bond yields: we now know where exactly RBI wants bond yields to stay
In the Indian context, the second wave of Covid has put great pressure on the public health system. This second wave impacted the rural hinterland and the urban middle class, unlike the previous wave which mainly affected urban centers. The selective foreclosure imposed by industrial states drove the unemployment rate up to 10.7% in April and is expected to be around 15% by the end of May (CMIE data).
The number of people below the poverty line fell from 6 crore to 13.4 crore thanks to Covid (Pew Research). The middle class has shrunk by 3.2 crore due to the pandemic (Pew Research). Most SMEs have seen their sales fall by 15-30% and wages by 20-30% in most SMEs.
The number of people employed in the formal sector has decreased compared to 2019 and the informal sector, which are low-paying jobs, has increased. The public debt-to-GDP ratio rose to 85% of GDP. Fiscal room for maneuver for spending was limited due to the risk of a downgrade in the sovereign rating.
RBI had to do the heavy lifting of the economy. The room for maneuver for conventional monetary policy measures is limited because the repo rate is 3.35% and real interest rates (operating rate minus CPI inflation expected over one year) are negative. The RBI is bound by the CPI inflation target of 2-6% set by Parliament. RBI resorted to unconventional monetary policy by first announcing GSAP 1 (Government Securities Acquisition Program) of Rs 1 Lakh crore for the April-June quarter with a promise to do GSAP 2 in the coming quarters.
The RBI Governor said this GSAP 1 goes beyond the announced OMO and Operation Twist. RBI has started buying government securities in the secondary market whenever yields have exceeded primary market auction levels, which has reassured market participants, who buy at primary auctions. RBI bought around Rs 35,000 crore in the secondary market to lower the overall yield curve. RBI does not allow the 10 year yield to exceed the 6% level.
The government’s cash balance is comfortable due to the balance carried over from last year. The government and the RBI canceled the auctions when market participants demanded higher returns in the primary auction. This is applicable across the entire yield curve. The government and RBI are comfortable with three-year G-sec yields remaining below 5%, 5-year yields below 5.65%, 10-year yields around 6%, 15-year below 6.65% and at age 40 around 6.90% levels. . Beyond that, we have seen RBI cancel auctions or announce OMO / Operation Twist / GSAP to lower the yield curve. RBI in its OMO, GSAP bought the benchmark auction paper at 5 basis points below the prevailing market yields. These RBI and government actions have helped stabilize the G-Sec yield curve, which is lower than what prevailed in March 2021.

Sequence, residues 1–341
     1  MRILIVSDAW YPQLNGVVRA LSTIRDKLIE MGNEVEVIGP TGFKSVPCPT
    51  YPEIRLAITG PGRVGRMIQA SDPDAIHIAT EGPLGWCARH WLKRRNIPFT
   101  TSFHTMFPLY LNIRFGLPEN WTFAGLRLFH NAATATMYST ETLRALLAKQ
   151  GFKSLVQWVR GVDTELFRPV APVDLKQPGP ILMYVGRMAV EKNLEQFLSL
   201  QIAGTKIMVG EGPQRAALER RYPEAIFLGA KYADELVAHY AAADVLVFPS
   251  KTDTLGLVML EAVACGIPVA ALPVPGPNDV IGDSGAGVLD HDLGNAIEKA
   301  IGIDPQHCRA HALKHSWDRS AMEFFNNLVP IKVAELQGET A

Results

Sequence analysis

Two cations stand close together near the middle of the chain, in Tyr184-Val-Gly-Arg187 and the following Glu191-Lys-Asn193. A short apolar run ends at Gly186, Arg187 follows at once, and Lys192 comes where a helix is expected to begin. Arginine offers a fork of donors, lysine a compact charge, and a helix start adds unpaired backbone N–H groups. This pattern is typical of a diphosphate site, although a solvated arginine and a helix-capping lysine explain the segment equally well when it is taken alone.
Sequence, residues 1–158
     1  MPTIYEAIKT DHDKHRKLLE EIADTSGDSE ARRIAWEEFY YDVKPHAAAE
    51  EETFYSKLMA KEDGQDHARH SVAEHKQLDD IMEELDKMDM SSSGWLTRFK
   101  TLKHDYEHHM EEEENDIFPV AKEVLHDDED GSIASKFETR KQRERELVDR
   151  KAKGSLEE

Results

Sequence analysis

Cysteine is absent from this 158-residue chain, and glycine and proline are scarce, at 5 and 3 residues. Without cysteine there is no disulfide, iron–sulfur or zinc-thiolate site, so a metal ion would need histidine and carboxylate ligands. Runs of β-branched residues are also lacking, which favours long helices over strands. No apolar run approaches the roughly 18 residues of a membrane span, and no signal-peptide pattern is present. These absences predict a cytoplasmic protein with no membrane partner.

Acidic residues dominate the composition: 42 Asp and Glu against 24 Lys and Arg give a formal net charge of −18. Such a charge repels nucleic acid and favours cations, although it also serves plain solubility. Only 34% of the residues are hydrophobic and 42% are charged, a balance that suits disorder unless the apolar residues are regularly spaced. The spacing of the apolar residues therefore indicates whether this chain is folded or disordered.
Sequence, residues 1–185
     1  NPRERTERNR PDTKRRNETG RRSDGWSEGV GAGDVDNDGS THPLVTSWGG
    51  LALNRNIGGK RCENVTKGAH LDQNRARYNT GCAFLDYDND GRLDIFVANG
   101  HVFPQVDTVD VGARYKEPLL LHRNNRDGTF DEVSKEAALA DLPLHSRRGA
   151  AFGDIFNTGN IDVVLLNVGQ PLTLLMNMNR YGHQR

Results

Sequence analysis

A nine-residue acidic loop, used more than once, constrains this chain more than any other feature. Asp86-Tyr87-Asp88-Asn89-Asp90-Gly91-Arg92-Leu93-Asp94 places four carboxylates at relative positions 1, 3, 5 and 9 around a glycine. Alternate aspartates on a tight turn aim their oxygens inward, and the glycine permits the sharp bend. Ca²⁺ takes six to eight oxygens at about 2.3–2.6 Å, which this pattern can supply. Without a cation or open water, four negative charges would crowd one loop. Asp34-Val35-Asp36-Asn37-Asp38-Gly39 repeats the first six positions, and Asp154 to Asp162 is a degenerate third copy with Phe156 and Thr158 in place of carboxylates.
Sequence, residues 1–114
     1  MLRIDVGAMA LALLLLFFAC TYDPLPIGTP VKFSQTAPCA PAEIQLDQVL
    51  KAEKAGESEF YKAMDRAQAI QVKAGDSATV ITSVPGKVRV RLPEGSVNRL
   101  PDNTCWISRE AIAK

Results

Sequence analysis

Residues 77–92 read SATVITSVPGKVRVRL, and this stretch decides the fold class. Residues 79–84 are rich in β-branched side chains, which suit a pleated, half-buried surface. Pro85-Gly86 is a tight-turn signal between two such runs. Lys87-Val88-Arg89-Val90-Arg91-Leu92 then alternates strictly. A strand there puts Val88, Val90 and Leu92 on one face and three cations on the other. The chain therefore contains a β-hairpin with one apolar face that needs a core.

The corporate bond yield spread is now 10 to 30 basis points on G-Sec for PSU papers and 30 to 40 basis points for non-“AAA” PSU papers. The contraction in spreads is due to a reduced supply of corporate papers on the market and to excess liquidity of Rs 5 lakh in the system. Bank credit growth has been moderate with annual credit growth of less than 6%. Most banks, including PSU banks like SBI, have started investing in corporate papers due to lack of means of deployment.
Businesses are not making full use of their sanctioned limits due to the lockout restriction. Given the effect of the pandemic on the balance sheets of businesses and individuals, banks should exercise caution while lending to lower rated Cibil ratings for individuals.
The global economy is recovering due to the vaccination campaign in advanced economies, with 40% of the population being vaccinated in the United States. This has led to an increase in demand and an increase in overall price levels, as supply restrictions are still in effect in different parts of the world. As these restrictions are lifted with the vaccination of the population, the supply response should see prices remain stable or fall. However, in the Indian context, once the lockdown is lifted, demand could increase.
RBI may then need to reduce the amount of liquidity in the banking system to control inflationary pressure. This development may prevent RBI from doing GSAP, OMO, Operation Twist to the same extent that they currently do. RBI made Rs 1.05 lakh crore from GSAP, OMO, secondary market purchases against the government loan of Rs 2.08 lakh crore until May 27, 2021. This kept 10 year yields around 6% because RBI bought half the amount of papers auctioned.
Government bond yields are expected to rise in the second half of the year as bank lending picks up and banks look for profitable investments to grow their balance sheets.